Research Staff

Research Staff

Song, Hong Sun Senior Research Fellow Office of Research Coordination




The Implications of Recent US Retirement Plan Reform for Korea / Aug. 08, 2023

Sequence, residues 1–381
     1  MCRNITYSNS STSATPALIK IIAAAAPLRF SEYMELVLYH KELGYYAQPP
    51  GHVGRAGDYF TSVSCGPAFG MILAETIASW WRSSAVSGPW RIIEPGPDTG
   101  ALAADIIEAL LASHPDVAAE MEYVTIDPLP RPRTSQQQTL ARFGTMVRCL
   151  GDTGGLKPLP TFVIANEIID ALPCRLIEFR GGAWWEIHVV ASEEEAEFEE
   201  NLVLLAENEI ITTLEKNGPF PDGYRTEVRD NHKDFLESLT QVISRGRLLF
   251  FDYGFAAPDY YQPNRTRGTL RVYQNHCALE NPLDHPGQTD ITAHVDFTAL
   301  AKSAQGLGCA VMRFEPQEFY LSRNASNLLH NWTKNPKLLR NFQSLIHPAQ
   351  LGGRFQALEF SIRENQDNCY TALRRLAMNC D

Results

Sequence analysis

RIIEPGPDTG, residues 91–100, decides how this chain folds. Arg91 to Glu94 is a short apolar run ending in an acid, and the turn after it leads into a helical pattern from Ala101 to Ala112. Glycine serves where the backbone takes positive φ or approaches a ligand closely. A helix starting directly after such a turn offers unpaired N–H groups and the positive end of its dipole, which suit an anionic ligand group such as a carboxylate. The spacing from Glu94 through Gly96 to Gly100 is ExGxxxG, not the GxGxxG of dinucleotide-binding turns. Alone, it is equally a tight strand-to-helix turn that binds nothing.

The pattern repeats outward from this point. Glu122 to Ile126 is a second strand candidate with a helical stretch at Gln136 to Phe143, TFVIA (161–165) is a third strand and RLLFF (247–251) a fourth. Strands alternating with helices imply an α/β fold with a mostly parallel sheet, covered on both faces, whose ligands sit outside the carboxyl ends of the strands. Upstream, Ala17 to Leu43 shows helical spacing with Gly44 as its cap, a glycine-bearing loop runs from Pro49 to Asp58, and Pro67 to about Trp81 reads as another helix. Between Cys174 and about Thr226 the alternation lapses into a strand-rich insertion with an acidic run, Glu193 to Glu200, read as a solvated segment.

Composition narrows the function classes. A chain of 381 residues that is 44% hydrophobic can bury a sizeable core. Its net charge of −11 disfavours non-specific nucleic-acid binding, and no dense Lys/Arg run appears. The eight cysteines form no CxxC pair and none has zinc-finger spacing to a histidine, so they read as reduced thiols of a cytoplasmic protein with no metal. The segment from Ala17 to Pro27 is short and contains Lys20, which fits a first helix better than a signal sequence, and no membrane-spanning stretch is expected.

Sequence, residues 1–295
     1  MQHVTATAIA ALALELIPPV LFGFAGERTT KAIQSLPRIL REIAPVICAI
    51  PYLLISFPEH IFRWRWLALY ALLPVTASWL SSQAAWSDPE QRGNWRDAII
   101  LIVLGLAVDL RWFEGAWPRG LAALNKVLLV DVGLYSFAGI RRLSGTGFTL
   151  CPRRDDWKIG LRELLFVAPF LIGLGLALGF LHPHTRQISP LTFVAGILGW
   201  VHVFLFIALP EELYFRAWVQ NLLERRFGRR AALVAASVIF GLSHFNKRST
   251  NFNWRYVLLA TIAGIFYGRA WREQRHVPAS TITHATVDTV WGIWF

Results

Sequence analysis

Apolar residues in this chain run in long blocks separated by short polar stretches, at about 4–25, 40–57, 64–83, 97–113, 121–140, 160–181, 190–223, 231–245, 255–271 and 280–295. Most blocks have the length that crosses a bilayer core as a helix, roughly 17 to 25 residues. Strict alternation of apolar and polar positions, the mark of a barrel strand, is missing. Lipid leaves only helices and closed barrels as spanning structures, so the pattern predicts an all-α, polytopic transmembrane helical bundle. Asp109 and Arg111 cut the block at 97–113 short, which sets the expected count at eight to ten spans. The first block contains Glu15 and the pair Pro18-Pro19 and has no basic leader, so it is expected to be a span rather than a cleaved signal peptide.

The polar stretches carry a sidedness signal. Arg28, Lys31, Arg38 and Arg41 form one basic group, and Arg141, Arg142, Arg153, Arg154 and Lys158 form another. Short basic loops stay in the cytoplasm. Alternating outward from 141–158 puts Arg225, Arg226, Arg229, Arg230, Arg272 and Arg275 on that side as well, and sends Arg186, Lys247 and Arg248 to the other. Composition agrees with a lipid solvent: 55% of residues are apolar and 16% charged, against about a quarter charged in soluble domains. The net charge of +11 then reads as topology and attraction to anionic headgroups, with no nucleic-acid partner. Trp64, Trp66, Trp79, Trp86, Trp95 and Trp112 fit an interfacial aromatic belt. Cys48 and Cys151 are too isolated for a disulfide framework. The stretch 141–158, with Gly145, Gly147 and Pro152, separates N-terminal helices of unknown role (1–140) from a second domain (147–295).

The 2022 retirement plan reform by the Biden administration, which is considered the biggest change since the financial crisis, focuses on managing longevity risk management and eliminating blind spots based on confidence gained from the success of the 2006 investment management reform. The reform includes a series of measures such as mandating the disclosure of monthly pension benefits, expanding incentives for including lifelong pension plans, exempting lifelong pension providers from fiduciary responsibility, and easing the minimum withdrawal obligation, and others. All of those suggest that Korea's discussions on annuitization should go beyond the restrictions on IRP withdrawals and be more diversified. Furthermore, the reform allows hourly workers to participate in retirement plans with mandated enrollment in 401(k) plans and wide-ranging tax benefits to employers. This implies that Korea should address the current blind spots with a dual approach combining relaxed enrollment requirements and employer incentives. Another notable implication for the US reform is the importance of prior success in the investment management reform. Under the discretionary system in Korea and the US, policy measures for annuitization and elimination of blind spots may lose momentum without confidence in investment returns. In addition, instead of dealing with public pension reform on which a political consensus can hardly be obtained, the US government effectively used a series of issues–depletion of the social security trust fund, population aging, and increased old-age insecurity due to inflation–as a driving force for retirement plan reform that could better muster bipartisan support. This also has implications for how to carry out pension reform in Korea.